4. Exhale for approximately two seconds through your nose. You will experience the air passing from your nostrils to your abdomen, allowing your stomach to expand. During this form of breathing, make sure your stomach spreads forward while your chest stays reasonably still.
  5. Purse your mouth (as though you’re drinking through a straw), push your stomach gently, then exhale steadily for about two seconds.
  6. Follow this breathing pattern several times to get the best results.

Rib-Stretch Breathing

The rib stretch is another helpful deep breathing exercise. Here’s how to do it:
  1. Stand up straight and extend or arch your back.
  2. Exhale until you can’t do it anymore.
  3. Inhale gradually and slowly, take in as much oxygen as you can until you can no longer breathe.
  4. Keep the air in for 10 seconds.
  5. Exhale slowly through the mouth. You can do this with pursed lips or normally.

Numbered Breathing

Numbered breathing is an excellent technique to regulate your breathing habits. Here’s how you should manage this:
  1. Stand up straight and close your eyes.
  2. Inhale oxygen deeply until you can’t take any more oxygen.
  3. Exhale until you have emptied your lungs of air.
  4. Repeat the first step while keeping your eyes closed!
  5. Contain the oxygen in your lungs a few seconds, and then exhale it all out.
  6. Inhale again while picturing the number 2.
  7. Hold your breath while counting silently to 3, then let it all out again.
  8. Repeat these steps until you’ve reached 8. Feel free to count higher if you feel comfortable.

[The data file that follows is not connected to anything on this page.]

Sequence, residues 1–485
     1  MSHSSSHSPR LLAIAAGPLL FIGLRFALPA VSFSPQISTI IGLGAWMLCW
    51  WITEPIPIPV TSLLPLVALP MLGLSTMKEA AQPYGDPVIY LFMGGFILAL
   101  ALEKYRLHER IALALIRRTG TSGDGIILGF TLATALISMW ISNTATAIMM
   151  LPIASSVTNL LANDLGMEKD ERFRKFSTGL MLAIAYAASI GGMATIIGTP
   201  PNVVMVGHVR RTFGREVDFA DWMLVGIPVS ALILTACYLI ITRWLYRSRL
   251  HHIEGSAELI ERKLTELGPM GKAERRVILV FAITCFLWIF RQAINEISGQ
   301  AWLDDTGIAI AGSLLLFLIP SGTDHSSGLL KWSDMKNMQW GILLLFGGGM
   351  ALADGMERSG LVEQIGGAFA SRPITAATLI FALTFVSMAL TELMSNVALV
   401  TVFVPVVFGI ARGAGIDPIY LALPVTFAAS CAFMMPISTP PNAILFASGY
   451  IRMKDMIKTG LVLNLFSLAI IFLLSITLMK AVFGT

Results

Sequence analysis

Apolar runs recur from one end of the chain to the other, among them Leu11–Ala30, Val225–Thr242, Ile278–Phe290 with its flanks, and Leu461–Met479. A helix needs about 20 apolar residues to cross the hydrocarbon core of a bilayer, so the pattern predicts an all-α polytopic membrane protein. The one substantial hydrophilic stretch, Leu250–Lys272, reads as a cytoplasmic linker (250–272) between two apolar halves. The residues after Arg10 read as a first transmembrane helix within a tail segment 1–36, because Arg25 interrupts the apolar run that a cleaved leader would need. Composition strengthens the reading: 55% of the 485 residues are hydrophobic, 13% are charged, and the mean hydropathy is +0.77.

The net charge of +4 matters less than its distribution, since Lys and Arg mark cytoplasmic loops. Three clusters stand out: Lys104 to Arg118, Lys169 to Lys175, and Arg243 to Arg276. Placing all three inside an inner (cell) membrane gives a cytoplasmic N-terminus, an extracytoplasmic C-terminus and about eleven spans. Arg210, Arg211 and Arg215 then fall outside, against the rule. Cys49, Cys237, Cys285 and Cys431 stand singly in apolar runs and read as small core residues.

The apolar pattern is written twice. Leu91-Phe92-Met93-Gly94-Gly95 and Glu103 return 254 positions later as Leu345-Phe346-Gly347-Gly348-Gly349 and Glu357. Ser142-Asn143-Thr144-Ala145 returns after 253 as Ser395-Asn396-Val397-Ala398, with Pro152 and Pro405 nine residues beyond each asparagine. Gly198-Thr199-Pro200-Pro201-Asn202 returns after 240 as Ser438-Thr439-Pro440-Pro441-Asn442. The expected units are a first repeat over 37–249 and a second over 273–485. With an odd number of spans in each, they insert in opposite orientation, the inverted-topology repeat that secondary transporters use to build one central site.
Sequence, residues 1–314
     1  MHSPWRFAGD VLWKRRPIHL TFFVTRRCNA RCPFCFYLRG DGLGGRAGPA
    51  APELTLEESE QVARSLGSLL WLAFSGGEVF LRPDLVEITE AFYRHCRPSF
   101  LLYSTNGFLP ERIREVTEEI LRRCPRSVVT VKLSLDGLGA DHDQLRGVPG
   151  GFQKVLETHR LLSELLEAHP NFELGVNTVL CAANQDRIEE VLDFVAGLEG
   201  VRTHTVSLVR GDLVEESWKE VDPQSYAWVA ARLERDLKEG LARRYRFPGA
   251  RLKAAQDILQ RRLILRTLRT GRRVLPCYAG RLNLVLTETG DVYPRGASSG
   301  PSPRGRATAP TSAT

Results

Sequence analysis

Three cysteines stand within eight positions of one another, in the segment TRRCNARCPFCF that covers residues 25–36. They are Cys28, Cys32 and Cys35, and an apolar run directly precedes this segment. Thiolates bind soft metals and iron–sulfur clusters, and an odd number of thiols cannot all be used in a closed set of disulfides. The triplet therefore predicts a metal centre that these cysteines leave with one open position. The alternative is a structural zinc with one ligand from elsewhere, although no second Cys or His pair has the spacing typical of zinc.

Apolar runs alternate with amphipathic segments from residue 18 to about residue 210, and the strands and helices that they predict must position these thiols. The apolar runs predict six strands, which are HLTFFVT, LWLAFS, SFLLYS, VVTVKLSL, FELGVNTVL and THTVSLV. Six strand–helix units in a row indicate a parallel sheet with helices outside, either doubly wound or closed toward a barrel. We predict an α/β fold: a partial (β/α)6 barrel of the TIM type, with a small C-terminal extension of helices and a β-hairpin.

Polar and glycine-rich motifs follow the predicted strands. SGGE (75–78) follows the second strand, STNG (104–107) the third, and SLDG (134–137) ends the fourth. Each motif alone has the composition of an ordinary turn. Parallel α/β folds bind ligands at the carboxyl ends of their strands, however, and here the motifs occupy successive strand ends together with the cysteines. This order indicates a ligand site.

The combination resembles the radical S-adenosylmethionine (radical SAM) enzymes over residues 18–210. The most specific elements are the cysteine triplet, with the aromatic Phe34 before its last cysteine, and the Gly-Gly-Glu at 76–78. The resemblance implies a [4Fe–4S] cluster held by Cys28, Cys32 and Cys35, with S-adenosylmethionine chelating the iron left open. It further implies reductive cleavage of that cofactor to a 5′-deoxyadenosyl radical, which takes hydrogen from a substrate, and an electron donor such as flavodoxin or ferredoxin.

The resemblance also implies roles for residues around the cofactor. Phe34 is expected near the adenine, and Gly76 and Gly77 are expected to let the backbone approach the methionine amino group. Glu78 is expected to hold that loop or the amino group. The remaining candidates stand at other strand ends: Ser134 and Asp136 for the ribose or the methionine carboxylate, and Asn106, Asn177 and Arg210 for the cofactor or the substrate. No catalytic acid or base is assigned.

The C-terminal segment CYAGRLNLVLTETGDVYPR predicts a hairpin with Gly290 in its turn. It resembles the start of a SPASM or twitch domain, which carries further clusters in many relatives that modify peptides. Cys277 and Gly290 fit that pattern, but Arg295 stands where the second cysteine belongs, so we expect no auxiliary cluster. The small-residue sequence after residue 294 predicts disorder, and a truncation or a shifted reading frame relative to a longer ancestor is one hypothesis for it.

What Are The Benefits Of Diaphragmatic Breathing?

Diaphragmatic Breathing Provides Relaxation

Your natural condition is to breathe deeply and be relaxed. Diaphragmatic breathing relaxes the mind and body. A deep breath is the best way to activate the parasympathetic nervous system that helps you feel comfortable and relaxed. Stress is the root of most diseases, and almost everyone is living a busy and stressful life, which is usually accompanied by shallow breathing. The sympathetic nervous system is activated when we feel anxiety or stress and emits adrenaline and cortisol. The parasympathetic nervous system that neutralizes this and the fastest way for the two systems to communicate is breathing. Diaphragmatic breathing can turn the switch from high to low alarm in just seconds. As you breathe deeply in and out, you will notice a change in your emotions. You will find calm as you breathe deeply and release any tensions as you breathe out. According to studies, people who experience an anxiety attack noticed a change in their emotions. 

Diaphragmatic Breathing Detoxifies the Body